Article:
The Nigeria Centre for Disease Control (NCDC) has advised that precautionary measures should be taken to reduce spread of infectious diseases such as cholera, dysentery, typhoid fever and poliomyelitis; and vector-borne diseases such as malaria and yellow fever during flooding.
The NCDC in a press statement yesterday, signed by the Chief Executive Officer (CEO), Dr. Chikwe Ihekweazu, offered the following advice to Nigerians:
- Do not drink flood-water or use it to wash dishes, brush teeth or wash/prepare food.
- Communities should ensure chlorination of the public source of water supply.
- Ensure proper disposal of waste and clearing of sewage.
- Wash your hands frequently with soap and clean water.
- Discard all medicines, food and bottled water contaminated by flood-water.
- In homes, ensure water is well boiled before drinking.
- Avoid open defecation and indiscriminate refuse dumping.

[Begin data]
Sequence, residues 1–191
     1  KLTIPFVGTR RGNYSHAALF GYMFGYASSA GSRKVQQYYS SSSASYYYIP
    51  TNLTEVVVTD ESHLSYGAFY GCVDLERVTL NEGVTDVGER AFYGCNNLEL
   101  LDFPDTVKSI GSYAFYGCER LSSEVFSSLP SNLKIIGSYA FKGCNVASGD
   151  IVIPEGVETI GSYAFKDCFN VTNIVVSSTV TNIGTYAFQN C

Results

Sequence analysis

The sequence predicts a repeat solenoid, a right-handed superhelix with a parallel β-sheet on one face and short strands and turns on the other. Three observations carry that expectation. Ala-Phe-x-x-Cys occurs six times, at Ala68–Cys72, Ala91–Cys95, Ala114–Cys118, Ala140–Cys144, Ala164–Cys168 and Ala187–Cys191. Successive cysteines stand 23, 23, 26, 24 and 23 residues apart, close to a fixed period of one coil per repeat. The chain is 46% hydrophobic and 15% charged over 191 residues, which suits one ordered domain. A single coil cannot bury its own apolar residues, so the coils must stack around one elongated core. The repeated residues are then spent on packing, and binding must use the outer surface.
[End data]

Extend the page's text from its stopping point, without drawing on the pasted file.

- Avoid mosquito bites by using an insecticide treated net.
- Ensure safe food preparation techniques.
- If you experience sudden fever or diarrhea, please visit a health care facility immediately.
- Health workers should observe universal care precautions at all times.
Until now, flooding is an event of public health interest due to the outcomes of mortality, morbidity, displacement, loss of property and livelihood. In addition, there is an increased risk of contamination of water supply, and contact with contaminated flood, which supports the transmission of infectious diseases and can lead to outbreaks. Flood also provides breeding ground for disease vectors.
Nigeria has experienced flooding in 16 states. This has resulted in destruction of property, injuries, and deaths.
The Nigeria Hydrological Services Agency (NIHSA) is constantly monitoring the situation by issuing regular flood alerts. This year's yearly flood outlook has determined that about 30 states and 100 local councils are deemed to be high flood-risk areas.
Culed from the Guardian Newspaper, August 2017